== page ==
Generally, however, grounds for preferring to steal from LB were related to reasons for not stealing from SB. One combination of reasons reads: "A man has to be very small to take from the little man. LB can afford it. If you clip government, you just clip yourself and what’s more, you have a good chance of being caught." Table 4 shows the relative frequency of these reasons.

The data presented for this category again point out that while bigness and its corollaries play important parts in affecting the decision to steal from LB, these

factors alone were often not sufficient to determine this choice. Many other reasons were offered. The pro and con of the particular choice appears to have been considered before final decision was made, and the principles of lesser evil and least risk run through the majority of the reasons proffered.

GOV as the Preferred Victim

Fifty-three members of the 212 sample chose to steal from government. Their mean scores (20.9 for SB, 20.2 for LB, and 19.5 for GOV) for the situational questions are slightly higher than those for respondents who chose SB or LB. The mean scores demonstrate that members of this category both preferred to steal from GOV and were less disapproving of others stealing from government.

The task of choosing a victim appears less complicated for these individuals than for those who preferred to steal from LB, but more complicated than for those who elected to steal from SB. Fewer secondary reasons for their choice were offered. Clear-cut primary reasons often coincided with reasons for not stealing from either SB or LB. Intense dislike for government also helped make for definite preferences.


All of the reasons for stealing listed in Table 5 involve the theme of lesser evil. Most of the 32 per cent who thought that government could best afford the loss felt also that what they might take would not hurt it to the extent that similar thefts would affect smaller organizations. This notion is subscribed to by an additional eight per cent who believed that stealing from GOV was the lesser evil because the loss was well distributed. The choice was further justified on grounds that a great deal of money was collected in taxes; some of this taxation, it was hinted, was unnecessary. Many argued then, that GOV was big and wealthy and stated their preference in terms of the "Robin Hood" principle.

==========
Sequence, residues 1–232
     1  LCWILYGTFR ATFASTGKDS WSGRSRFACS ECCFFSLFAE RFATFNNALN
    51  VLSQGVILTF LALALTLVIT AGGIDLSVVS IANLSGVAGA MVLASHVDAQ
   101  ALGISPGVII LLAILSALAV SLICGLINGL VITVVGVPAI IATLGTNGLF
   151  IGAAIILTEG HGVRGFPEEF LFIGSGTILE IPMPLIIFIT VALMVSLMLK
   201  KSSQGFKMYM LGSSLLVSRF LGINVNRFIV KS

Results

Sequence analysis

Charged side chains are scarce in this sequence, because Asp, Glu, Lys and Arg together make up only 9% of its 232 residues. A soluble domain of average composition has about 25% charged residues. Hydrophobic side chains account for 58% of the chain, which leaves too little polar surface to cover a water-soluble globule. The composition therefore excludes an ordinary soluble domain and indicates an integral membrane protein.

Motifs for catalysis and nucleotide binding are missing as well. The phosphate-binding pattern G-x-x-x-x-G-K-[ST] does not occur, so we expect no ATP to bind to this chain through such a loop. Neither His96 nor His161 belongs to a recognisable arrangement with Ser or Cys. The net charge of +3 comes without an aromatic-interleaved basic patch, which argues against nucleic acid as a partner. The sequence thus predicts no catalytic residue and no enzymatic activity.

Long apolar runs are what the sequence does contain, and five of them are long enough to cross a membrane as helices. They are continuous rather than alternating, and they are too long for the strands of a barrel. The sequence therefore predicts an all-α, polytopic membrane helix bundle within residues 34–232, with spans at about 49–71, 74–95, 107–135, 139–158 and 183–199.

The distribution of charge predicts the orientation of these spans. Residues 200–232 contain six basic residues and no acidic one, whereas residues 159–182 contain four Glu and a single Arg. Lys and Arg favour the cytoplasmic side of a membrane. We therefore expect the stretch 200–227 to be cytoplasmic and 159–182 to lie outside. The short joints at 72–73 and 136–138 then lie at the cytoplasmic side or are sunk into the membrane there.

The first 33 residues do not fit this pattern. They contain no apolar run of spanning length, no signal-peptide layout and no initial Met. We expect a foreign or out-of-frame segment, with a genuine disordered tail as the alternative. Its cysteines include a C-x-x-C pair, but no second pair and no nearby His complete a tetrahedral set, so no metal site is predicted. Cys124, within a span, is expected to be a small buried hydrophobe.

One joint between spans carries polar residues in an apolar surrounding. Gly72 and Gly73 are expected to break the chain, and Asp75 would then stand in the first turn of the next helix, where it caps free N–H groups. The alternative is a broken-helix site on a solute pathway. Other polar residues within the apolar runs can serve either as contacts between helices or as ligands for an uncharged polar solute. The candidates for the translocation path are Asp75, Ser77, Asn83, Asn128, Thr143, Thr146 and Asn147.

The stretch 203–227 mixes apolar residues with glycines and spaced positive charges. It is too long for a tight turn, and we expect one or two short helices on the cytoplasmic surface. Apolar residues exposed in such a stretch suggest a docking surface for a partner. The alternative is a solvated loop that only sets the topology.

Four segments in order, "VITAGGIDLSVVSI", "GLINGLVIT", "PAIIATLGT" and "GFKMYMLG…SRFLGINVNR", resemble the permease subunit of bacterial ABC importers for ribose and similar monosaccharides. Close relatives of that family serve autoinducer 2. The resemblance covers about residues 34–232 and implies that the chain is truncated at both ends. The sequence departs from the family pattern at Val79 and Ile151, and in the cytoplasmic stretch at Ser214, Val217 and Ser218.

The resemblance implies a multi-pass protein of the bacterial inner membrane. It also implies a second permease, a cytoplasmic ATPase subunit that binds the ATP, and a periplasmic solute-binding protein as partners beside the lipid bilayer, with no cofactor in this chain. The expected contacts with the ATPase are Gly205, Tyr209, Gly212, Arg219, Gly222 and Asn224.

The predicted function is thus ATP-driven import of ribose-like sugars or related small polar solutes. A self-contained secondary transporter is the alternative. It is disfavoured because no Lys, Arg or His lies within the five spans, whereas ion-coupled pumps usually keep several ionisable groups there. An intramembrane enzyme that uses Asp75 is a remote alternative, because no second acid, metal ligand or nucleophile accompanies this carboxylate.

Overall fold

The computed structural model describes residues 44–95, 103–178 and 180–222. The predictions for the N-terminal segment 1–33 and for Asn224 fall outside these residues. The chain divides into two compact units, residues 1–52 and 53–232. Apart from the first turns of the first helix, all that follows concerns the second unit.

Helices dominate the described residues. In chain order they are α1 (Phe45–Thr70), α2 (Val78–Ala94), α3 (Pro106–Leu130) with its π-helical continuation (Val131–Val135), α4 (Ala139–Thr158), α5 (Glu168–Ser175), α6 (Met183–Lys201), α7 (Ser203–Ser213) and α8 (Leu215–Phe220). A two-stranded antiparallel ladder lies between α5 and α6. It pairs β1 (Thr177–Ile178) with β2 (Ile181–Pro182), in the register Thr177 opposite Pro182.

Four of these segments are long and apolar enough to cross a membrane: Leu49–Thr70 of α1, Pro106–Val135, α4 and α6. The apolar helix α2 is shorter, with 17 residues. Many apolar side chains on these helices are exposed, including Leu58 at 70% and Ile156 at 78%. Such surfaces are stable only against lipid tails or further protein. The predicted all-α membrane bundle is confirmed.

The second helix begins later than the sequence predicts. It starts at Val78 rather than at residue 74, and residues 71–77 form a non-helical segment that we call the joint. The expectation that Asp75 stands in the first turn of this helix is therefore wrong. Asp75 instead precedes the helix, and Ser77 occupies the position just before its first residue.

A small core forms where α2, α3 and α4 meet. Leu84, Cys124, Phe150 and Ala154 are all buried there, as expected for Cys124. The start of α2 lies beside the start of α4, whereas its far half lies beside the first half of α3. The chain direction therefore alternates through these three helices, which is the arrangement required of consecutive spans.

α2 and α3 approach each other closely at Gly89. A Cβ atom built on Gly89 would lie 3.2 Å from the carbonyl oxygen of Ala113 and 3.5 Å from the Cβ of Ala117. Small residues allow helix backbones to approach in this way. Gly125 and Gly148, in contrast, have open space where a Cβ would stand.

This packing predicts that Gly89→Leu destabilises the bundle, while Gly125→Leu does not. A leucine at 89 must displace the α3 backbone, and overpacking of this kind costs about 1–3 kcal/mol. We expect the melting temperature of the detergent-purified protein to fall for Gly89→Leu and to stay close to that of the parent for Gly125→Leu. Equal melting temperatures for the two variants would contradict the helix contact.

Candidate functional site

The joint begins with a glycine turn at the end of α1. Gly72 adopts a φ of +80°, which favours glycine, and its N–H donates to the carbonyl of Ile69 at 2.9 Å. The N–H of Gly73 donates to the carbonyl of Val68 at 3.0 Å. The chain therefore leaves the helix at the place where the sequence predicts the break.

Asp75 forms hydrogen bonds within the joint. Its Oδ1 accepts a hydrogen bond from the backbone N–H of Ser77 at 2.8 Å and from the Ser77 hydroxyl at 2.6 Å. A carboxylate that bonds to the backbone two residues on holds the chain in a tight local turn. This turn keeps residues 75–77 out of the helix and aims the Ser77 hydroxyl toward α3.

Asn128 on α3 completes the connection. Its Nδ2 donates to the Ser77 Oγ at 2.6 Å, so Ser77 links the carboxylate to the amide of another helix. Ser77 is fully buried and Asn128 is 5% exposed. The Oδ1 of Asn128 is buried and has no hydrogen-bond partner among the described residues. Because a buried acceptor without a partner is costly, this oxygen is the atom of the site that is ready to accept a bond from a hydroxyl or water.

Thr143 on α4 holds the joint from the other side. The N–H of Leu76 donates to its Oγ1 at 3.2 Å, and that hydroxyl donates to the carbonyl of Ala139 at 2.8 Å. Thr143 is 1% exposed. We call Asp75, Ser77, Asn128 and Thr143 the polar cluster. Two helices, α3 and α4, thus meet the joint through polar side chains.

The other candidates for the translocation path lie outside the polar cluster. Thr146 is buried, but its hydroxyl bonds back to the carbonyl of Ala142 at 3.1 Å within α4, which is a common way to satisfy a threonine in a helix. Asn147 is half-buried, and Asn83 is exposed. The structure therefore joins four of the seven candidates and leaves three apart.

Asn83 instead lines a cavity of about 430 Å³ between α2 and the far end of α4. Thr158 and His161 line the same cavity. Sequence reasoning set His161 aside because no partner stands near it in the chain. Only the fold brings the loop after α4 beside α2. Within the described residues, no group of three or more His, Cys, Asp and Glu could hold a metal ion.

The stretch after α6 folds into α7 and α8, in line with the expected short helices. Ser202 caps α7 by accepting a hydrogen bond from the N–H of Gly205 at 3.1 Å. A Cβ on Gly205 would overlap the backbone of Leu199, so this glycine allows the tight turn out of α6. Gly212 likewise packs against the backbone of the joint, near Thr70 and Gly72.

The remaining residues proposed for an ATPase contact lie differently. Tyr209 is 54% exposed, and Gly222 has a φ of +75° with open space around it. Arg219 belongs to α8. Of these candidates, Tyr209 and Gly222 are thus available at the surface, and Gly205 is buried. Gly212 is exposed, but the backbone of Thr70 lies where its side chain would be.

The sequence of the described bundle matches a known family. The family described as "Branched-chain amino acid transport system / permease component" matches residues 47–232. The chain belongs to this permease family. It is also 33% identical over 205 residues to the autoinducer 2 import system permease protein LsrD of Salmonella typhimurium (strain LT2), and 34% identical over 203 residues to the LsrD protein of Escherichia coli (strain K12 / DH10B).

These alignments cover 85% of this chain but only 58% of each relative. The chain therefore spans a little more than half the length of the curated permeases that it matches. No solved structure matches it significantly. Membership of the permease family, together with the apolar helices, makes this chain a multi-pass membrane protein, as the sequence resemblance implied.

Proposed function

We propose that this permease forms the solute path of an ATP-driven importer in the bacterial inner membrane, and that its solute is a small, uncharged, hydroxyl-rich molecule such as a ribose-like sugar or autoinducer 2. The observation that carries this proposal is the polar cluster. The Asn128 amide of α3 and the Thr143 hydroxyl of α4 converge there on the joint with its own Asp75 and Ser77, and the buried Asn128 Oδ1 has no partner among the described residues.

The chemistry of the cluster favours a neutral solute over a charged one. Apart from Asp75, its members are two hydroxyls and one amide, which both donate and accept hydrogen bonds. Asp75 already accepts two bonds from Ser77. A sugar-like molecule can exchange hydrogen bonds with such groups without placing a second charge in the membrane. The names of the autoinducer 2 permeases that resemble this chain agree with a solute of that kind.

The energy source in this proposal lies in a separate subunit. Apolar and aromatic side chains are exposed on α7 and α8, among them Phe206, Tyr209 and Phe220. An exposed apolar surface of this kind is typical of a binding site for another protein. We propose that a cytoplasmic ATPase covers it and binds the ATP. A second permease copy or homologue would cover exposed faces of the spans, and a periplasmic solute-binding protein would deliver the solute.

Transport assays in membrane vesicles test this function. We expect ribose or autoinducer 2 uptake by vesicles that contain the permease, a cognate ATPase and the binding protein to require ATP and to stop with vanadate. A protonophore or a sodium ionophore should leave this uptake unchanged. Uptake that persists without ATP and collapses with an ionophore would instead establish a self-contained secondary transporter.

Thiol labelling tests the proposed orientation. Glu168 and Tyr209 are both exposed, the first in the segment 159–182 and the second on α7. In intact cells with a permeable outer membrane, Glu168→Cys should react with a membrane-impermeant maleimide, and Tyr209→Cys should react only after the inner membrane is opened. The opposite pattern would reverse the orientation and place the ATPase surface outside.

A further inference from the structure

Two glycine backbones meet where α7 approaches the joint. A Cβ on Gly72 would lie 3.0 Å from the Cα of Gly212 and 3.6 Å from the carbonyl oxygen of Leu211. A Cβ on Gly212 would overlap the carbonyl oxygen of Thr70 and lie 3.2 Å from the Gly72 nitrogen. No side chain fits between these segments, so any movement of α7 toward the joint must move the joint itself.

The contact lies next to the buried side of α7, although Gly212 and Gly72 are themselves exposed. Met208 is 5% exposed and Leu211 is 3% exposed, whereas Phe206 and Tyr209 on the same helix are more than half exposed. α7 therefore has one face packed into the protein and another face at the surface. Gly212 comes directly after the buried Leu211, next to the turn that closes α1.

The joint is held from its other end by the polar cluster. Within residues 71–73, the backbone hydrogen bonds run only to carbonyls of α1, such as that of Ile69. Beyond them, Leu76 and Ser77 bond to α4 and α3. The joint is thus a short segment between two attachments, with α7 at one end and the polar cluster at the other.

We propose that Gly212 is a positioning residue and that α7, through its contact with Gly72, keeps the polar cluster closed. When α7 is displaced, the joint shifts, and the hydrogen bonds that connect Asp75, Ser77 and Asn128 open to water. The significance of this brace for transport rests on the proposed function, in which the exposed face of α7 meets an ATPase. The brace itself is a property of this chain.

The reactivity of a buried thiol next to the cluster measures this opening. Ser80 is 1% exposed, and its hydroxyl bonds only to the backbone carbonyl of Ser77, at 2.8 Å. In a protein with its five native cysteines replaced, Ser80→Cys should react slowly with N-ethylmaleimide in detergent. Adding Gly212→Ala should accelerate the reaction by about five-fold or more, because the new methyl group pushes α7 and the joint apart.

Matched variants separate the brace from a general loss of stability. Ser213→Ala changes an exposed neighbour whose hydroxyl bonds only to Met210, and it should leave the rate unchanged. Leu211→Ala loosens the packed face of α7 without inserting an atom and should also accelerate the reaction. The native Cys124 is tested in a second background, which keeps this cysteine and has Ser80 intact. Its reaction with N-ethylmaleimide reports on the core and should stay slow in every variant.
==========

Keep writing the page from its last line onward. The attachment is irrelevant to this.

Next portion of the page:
Bureaucracy, which was equated to size and disfunctioning, was an additional justification for the choice of GOV as the victim. Although this type of criticism was leveled against LB, it was more frequently applied to GOV. Such items as waste and red tape were not uncommon grounds for stealing preference. Only 9 per cent of this category proferred this as their primary reason, but many others mentioned bureaucratic inefficiencies as a secondary reason. That bigness and its corollaries played a part in determining this choice is seen in the following examples: "Government is the bigger concern; it wouldn’t hurt government as bad as an individual or smaller concern." "They waste anyhow; they throw away more than I would take."

Though GOV is generally conceived of as larger than LB, the section of Table 4 dealing with GOV indicates the importance of factors other than size as a determinant of choice for some respondents. Concepts of loyalty, patriotism and fear of government swayed many individuals to select LB rather than GOV. Yet, size was still important for many of those who chose to steal from government.